Good Friday: Via Matris – The Way of Our Sorrowful Mother

VIA MATRIS
The Way of Our Sorrowful Mother
Father Romanus Cessario, O.P.

Modeled on the Via Crucis, the pious exercise of the Via Matris Dolorosae, or simply the Via Matris, developed and was subsequently approved by the Apostolic See. This pious exercise already existed in embryonic form since the 16th century, while its present form dates from the 19th century. Its fundamental intuition is a reflection on the life of Our Lady from the prophecy of Simeon (cf. Lk 2:34-35) to the death and burial of her Son, in terms of a journey in faith and sorrow: this journey is articulated in seven ‘stations” corresponding to the ‘seven dolors” of the Mother of Our Savior. (From the Directory on Popular Piety and the Liturgy, The Via Matris, 136.)

OPENING PRAYER

Lord Jesus Christ, come to my aid! Your life, Passion, and Death destroy sin and bring new life to the world. According to the Father’s will, your Mother Mary would participate maximally in the mysteries that bring about the world’s salvation. Though she is conceived immaculately, Mary did not refuse to embrace the sorrows that you endured for my sake. Grant me, Blessed Lord, the particular graces that I need to meditate fruitfully on the Seven Sorrows of our Lady. Unite me with her participation in the divine plan for redemption. I ask this in your name, Christ the Lord. Amen.

FIRST STATION

The Prophecy of Simeon at the Presentation

Leader: Hail Holy Queen, Mother of mercy.

R: To you do we cry, mourning and weeping in this valley of tears!

Simeon tells Mary that her life will serve a redemptive Incarnation. He stands at the juncture of the Old and New Testaments. We witness a reversal of expectations. The Messiah arrives as a helpless Infant. Among the prophets of Israel, Simeon alone lived to encounter this long-awaited Messiah. The privilege accorded the prophet Simeon foretells the Christian life. Each day, the Christian is given the chance to repeat after Simeon: “My eyes have seen your salvation” (Lk 2:30). The Church places on our lips the Canticle of Simeon. We should pray it at night, before we retire. But to Mary, Simeon announces something sobering: “And you yourself a sword will pierce” (Lk 2:35). This unexpected prophecy prepares the Blessed Virgin Mary to sustain the sufferings that will form part of her universal mediation. She who brought forth the Savior of the world without the pains of childbirth is not thereby prevented from experiencing other sorrows of this life. Her Fiat, her prayer of submission to the divine plan, commits Mary to cooperating with her Son as he wins the world’s salvation. The sorrows of Mary are meant to provide a source of encouragement for Christian believers. What the Mother of God experiences in faith becomes both a model and a support for us. We know that the price of our salvation includes her sorrows and those of her Son. We cannot expect to appropriate the graces of a redemptive Incarnation without sustaining the sufferings that God allows to befall us.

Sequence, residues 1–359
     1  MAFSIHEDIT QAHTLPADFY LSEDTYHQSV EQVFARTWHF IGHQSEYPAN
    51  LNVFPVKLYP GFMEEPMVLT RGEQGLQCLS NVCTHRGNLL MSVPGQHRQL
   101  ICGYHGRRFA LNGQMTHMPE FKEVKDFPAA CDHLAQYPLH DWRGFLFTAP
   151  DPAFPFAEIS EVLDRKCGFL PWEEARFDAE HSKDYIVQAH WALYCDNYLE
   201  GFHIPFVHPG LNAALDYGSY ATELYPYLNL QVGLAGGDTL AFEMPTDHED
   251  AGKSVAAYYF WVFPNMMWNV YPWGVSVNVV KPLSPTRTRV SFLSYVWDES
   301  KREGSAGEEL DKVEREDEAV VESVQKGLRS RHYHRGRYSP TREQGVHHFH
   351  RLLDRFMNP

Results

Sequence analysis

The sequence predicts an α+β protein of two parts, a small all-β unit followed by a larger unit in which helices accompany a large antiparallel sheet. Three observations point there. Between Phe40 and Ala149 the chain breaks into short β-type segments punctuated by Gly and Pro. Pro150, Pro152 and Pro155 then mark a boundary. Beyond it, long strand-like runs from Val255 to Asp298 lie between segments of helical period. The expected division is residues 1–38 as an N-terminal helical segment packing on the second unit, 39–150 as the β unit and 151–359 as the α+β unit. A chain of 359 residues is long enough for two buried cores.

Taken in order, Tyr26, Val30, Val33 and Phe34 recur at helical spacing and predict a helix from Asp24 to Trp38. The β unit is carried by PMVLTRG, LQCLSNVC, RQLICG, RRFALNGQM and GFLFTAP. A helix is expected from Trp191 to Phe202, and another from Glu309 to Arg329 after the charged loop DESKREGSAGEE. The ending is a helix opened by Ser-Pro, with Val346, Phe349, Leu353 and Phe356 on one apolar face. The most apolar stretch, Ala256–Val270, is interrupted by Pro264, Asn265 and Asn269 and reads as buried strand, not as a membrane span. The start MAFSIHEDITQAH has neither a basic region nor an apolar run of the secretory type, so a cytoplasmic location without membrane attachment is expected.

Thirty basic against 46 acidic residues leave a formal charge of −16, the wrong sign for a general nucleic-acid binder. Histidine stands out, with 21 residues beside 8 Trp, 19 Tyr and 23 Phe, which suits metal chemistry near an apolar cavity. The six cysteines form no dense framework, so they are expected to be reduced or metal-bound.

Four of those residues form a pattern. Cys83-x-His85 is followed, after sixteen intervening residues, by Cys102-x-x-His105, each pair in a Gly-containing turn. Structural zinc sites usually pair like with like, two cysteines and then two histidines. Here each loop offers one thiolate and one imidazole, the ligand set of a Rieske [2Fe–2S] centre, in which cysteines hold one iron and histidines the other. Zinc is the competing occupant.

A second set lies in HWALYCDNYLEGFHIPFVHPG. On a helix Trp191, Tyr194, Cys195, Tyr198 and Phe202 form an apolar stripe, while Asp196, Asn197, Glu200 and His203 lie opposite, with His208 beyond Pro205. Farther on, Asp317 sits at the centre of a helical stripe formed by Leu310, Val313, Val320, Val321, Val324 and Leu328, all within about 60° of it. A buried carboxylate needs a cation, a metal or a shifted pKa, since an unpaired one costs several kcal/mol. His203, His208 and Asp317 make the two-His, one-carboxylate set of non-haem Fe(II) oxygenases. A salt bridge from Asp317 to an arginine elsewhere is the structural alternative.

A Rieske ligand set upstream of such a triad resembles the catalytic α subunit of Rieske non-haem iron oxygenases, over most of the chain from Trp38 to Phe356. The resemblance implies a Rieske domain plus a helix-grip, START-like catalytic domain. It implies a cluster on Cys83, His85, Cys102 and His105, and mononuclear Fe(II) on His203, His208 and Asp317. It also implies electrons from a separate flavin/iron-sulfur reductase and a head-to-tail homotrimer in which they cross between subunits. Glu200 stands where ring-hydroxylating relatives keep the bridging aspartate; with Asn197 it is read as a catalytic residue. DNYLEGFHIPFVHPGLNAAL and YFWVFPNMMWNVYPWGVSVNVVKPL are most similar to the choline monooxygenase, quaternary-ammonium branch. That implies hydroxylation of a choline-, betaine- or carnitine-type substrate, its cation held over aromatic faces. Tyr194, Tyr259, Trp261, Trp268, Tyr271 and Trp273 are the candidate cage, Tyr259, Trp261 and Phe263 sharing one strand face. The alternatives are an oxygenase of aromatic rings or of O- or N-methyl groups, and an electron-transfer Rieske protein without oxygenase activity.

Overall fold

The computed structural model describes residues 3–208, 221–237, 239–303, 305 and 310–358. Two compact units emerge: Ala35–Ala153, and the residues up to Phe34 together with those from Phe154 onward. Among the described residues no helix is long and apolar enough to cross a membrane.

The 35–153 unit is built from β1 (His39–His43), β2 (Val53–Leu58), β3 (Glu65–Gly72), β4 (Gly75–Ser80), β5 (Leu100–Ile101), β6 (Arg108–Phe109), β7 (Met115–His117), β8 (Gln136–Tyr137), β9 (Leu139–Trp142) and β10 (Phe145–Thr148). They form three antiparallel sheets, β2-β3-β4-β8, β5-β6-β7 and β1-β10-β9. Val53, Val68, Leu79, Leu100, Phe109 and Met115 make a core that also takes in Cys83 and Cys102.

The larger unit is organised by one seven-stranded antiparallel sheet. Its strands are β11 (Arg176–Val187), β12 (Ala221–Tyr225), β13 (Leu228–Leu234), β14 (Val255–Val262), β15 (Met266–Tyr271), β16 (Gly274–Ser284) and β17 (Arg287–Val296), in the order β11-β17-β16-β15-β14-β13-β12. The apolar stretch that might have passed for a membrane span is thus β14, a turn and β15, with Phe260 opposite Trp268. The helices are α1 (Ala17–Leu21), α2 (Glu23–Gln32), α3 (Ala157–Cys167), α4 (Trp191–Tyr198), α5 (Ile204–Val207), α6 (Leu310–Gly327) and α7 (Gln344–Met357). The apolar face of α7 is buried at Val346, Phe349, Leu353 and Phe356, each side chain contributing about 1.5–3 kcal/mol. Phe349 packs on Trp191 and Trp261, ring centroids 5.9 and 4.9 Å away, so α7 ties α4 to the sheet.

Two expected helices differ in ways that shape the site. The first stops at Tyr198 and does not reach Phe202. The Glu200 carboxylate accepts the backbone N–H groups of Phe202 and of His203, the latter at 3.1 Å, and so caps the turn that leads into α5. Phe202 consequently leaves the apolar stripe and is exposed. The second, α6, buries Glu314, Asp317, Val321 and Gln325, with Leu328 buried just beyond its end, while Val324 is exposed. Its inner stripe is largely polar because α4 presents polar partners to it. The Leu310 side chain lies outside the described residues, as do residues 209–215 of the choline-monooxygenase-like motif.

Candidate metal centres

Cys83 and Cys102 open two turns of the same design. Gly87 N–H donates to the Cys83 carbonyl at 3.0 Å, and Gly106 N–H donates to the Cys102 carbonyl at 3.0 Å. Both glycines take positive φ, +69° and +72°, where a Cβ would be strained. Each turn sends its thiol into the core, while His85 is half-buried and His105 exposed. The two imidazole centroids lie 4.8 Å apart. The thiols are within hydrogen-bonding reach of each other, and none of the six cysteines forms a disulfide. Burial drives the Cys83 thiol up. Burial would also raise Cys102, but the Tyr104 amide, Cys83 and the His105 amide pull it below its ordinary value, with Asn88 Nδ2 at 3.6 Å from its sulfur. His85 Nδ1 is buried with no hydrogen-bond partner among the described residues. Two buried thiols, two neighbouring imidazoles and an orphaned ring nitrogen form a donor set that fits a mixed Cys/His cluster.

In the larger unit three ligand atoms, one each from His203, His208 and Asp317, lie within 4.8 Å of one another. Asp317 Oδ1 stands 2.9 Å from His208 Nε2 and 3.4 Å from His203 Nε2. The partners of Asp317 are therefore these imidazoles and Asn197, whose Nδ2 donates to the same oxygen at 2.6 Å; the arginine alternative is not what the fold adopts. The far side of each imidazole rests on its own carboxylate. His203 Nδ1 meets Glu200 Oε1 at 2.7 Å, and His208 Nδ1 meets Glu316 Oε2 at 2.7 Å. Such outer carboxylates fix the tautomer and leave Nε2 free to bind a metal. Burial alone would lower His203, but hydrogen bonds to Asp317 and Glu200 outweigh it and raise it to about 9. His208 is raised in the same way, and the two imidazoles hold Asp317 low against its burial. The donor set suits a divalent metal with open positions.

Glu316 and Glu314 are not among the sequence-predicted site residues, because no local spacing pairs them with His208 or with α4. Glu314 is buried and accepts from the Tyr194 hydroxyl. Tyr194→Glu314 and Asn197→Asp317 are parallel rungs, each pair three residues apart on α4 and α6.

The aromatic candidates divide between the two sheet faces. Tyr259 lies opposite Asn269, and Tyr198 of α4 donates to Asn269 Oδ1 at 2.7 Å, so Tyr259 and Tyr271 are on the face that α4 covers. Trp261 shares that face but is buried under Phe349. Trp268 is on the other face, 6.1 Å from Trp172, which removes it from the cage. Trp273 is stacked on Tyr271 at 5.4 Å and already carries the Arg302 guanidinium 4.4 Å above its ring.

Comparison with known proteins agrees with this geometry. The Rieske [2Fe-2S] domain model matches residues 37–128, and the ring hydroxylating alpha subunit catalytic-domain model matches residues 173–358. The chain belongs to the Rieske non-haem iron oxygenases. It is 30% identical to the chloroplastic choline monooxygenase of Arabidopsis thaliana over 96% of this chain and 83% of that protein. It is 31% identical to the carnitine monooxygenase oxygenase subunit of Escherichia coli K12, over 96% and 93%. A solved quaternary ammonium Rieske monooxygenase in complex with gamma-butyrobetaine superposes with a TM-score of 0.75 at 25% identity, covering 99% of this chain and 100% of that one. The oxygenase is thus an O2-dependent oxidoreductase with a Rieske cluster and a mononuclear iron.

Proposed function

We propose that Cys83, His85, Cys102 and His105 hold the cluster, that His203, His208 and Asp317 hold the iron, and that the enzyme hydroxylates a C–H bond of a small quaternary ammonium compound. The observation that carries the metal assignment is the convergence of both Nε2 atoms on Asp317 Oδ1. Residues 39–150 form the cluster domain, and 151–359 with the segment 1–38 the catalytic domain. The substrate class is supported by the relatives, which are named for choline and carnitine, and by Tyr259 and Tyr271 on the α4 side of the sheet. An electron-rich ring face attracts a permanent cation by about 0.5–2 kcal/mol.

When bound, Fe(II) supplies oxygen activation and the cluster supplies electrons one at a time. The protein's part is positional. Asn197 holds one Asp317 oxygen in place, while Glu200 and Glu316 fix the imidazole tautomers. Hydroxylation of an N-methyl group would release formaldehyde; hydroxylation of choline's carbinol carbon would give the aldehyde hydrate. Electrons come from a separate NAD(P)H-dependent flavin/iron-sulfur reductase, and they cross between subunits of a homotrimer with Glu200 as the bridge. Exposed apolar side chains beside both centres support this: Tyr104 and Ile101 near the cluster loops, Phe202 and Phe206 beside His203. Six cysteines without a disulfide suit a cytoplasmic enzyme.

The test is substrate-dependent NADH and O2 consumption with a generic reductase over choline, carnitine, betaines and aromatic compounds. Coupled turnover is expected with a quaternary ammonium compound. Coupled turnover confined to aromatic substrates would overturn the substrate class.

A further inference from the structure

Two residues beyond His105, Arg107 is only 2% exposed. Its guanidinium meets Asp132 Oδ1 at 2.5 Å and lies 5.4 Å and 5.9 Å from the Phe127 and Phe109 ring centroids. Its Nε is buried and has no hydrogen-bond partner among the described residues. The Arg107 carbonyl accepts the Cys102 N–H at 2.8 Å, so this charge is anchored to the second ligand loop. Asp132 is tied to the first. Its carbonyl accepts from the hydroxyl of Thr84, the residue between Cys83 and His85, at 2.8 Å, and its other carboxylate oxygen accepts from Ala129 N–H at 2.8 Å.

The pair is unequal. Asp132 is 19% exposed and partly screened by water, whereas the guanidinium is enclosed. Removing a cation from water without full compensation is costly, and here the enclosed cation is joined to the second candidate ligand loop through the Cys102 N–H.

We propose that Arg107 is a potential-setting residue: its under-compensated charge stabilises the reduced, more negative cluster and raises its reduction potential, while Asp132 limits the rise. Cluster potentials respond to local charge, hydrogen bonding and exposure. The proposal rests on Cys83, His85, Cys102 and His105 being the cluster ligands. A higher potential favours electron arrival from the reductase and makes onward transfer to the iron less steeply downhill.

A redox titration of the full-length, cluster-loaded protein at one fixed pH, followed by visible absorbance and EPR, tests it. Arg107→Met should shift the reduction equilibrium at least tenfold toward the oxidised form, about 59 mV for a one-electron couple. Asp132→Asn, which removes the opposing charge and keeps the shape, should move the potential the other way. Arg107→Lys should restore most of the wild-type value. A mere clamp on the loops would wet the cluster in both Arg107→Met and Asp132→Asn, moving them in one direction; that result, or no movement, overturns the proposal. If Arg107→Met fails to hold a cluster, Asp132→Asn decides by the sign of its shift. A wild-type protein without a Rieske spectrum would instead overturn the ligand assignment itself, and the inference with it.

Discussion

Hail Mary ….

Leader: Virgin Most SorrowfuL,

R: Pray for us.

SECOND STATION

The Flight into Egypt

Leader: Hail Holy Queen, Mother of mercy.

R: To you do we cry, mourning and weeping in this valley of tears!